By that time, the voters were sufficiently detached and the SNP sufficiently acceptable to move on from Labour permanently. In the 2007 Scottish General Election, Labour ran a disastrous campaign, largely steered by John McTernan (now Julia Gillard's media spin doctor). The party's arrogant, out-of-touch pitch fell before Salmond's smarter mix of local politics, social progress, and scepticism towards the grand narratives of neoliberal capitalism. Salmond won minority government power.
The SNP would love its smart politics to be the big story about Scottish independence. But that's not the main tale, nor even Labour's incompetence over a decade. Behind it all, there's one reason that Scotland re-appeared from beneath the waves, and this week they were burying her. Yes, the last act of Margaret Thatcher may well be the break-up of the United Kingdom.
That would have horrified Thatcher, the ultimate Great British loyalist. It was the last thing she would have wanted to do. But the inescapable conclusion is that she did more than anything to restart regional independence as real movements within the UK.
Theorists of nationalism point to various factors that create a feeling that a region is something more than an administrative or linguistic unit, but two are crucial. The first is economic unevenness; the fortunes of two different regions within one polity diverge so wildly that whichever starts to do worse begins to feel a distinct identity through deprivation and exploitation.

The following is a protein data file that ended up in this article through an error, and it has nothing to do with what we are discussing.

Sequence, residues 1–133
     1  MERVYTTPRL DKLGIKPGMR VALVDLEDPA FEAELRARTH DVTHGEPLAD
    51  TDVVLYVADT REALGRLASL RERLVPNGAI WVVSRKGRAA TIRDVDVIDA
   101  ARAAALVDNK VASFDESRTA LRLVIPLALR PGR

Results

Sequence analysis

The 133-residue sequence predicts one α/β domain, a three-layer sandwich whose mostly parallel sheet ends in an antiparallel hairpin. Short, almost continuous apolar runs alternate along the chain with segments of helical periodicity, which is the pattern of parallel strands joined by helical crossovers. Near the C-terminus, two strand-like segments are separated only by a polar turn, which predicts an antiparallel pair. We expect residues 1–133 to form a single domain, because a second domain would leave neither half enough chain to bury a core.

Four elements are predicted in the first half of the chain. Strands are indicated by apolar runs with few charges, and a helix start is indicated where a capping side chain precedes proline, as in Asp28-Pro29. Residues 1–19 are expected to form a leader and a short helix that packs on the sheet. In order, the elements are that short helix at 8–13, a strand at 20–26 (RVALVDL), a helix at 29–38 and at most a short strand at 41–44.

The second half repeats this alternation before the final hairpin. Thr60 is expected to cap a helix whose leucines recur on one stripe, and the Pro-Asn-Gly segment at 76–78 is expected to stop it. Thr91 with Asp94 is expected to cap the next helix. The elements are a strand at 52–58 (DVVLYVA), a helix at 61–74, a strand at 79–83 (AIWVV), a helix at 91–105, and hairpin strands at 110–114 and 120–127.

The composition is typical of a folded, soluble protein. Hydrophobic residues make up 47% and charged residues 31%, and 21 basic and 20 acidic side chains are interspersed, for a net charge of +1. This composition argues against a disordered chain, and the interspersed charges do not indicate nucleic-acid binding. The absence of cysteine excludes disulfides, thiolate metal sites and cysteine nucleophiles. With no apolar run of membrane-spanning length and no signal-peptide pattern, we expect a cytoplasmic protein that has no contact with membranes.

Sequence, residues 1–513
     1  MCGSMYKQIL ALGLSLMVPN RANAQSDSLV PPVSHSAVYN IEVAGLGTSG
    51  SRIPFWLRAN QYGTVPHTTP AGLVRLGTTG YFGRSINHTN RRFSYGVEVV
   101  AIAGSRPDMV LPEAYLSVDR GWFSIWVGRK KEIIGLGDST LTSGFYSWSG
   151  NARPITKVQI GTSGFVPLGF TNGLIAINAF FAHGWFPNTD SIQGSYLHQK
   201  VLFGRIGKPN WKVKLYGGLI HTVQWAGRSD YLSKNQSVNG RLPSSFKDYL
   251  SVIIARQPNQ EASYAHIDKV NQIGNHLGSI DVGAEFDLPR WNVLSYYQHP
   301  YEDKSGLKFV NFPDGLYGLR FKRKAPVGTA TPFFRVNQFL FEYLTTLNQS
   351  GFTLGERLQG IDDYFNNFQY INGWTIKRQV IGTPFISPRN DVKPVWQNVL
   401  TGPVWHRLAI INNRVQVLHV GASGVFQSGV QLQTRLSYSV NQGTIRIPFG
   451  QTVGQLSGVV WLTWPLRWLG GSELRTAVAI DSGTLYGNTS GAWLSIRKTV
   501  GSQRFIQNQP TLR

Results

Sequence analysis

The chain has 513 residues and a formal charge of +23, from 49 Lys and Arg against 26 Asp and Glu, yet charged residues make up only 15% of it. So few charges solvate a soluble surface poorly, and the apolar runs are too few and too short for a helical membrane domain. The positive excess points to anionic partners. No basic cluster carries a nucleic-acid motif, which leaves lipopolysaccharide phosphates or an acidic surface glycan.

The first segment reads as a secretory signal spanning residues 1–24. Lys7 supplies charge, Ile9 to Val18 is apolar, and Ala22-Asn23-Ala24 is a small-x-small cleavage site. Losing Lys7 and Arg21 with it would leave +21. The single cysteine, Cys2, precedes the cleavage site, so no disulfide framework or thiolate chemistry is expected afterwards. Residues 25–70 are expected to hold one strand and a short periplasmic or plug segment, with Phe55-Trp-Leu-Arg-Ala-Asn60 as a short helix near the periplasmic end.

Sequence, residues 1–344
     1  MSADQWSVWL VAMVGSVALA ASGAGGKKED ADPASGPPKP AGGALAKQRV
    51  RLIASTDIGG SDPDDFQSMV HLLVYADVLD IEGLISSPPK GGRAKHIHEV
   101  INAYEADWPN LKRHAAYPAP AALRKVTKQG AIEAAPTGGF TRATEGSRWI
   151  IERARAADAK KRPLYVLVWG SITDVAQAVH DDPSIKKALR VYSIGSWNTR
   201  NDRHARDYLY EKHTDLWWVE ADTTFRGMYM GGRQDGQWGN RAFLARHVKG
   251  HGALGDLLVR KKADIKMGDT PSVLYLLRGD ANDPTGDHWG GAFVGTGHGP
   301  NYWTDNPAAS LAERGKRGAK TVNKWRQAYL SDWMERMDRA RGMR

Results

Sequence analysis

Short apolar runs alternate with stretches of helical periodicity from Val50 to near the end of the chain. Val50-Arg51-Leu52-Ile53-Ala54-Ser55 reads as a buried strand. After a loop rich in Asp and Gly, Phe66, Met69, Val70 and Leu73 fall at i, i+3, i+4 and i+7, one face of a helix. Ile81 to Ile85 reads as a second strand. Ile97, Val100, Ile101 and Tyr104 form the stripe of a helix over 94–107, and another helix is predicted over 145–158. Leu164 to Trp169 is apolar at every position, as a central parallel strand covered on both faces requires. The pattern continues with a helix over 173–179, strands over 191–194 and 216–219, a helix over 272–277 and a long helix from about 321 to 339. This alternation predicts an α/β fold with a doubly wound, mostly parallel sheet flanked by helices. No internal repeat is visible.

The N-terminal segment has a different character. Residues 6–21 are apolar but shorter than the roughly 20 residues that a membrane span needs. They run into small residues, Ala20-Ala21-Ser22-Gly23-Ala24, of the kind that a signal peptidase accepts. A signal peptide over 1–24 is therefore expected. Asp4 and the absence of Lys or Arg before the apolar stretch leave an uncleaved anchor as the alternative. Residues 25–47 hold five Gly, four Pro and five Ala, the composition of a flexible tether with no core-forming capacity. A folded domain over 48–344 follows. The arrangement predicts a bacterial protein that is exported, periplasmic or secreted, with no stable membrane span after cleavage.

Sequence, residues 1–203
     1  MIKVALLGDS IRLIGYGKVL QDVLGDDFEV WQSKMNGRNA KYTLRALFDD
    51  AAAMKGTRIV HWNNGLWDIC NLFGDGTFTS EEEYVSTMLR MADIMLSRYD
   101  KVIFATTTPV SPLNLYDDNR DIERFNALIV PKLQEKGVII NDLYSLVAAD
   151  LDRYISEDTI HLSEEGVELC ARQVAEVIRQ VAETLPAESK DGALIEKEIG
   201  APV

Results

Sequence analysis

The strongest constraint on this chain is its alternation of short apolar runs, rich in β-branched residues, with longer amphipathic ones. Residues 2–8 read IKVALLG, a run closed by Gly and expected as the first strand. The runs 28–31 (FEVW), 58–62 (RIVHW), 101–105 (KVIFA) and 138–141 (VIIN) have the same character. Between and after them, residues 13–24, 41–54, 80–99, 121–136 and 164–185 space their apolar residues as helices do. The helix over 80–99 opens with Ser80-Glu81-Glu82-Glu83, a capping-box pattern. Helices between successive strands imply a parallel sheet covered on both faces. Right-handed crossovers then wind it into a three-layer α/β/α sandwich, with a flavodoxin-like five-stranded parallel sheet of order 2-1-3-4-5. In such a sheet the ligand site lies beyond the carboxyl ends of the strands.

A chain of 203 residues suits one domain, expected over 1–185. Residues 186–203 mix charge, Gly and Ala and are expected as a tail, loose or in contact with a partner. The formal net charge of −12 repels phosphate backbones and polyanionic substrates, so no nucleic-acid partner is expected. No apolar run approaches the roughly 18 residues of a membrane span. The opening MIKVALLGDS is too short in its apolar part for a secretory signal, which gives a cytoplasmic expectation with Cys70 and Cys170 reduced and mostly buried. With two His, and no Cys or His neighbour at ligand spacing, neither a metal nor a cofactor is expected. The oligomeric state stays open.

Scotland got that in spades in the 1980s, as Thatcher's deflationary policies hit Glasgow hard. The area had been a powerhouse of shipbuilding and industry. Until the 1950s it had been the fourth most important urban industrial area in Europe. Thirty years later, its industry was unquestionably inefficient and loss-making, and was kept in business to maintain employment. Nevertheless, there would have been a pathway out of such inefficiency to a high-tech industrial future: the North Sea oil, which had come onstream in 1974, could have paid for the transition.
But instead it was used for tax cuts, thus creating a double whammy of inequality. As Glasgow declined, the high income South-east had even more disposable income. What had been recognisably shared economic destiny began to pull apart relentlessly, and continued to do so for the next three decades. That happened in the English North too, but no real independence movement developed there; of course the Scottish had something else, a real history of independent existence and a surviving culture.
Since the act of union in 1707, Scottish nationalism had been the preserve of a conservative, even reactionary elite, while Union had been the path to progressivism and metropolitanism. But from 1945, the wave of global decolonisation permitted nationalism to be seen as a progressive force, unifying a people against an oppressor. Such anti-colonial nationalism had begun in Ireland and spread to the Empire — and eventually came home in Scotland. Its revival in northern Ireland crossed the Irish sea. Modern Scottish nationalism was born from this fusion of economic unevenness —- the sense of being in it together — and the belief that such national unity could be forward-looking, an ethnic identity based on the future, not some Tartan-Walter-Scott past.